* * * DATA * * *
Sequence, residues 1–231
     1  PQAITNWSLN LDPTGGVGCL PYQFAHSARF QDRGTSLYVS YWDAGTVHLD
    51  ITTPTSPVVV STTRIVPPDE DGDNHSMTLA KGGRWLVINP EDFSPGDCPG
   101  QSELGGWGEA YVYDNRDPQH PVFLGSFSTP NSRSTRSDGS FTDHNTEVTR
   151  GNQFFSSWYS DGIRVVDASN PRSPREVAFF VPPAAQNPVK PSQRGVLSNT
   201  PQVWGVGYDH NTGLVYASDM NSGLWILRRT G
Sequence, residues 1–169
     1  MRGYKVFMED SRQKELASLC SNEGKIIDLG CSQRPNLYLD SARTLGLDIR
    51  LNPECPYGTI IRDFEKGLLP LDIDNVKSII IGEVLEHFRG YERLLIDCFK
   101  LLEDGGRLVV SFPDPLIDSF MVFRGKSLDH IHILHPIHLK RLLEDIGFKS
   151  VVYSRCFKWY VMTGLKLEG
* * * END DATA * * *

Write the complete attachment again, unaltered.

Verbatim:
Sequence, residues 1–231
     1  PQAITNWSLN LDPTGGVGCL PYQFAHSARF QDRGTSLYVS YWDAGTVHLD
    51  ITTPTSPVVV STTRIVPPDE DGDNHSMTLA KGGRWLVINP EDFSPGDCPG
   101  QSELGGWGEA YVYDNRDPQH PVFLGSFSTP NSRSTRSDGS FTDHNTEVTR
   151  GNQFFSSWYS DGIRVVDASN PRSPREVAFF VPPAAQNPVK PSQRGVLSNT
   201  PQVWGVGYDH NTGLVYASDM NSGLWILRRT G
Sequence, residues 1–169
     1  MRGYKVFMED SRQKELASLC SNEGKIIDLG CSQRPNLYLD SARTLGLDIR
    51  LNPECPYGTI IRDFEKGLLP LDIDNVKSII IGEVLEHFRG YERLLIDCFK
   101  LLEDGGRLVV SFPDPLIDSF MVFRGKSLDH IHILHPIHLK RLLEDIGFKS
   151  VVYSRCFKWY VMTGLKLEG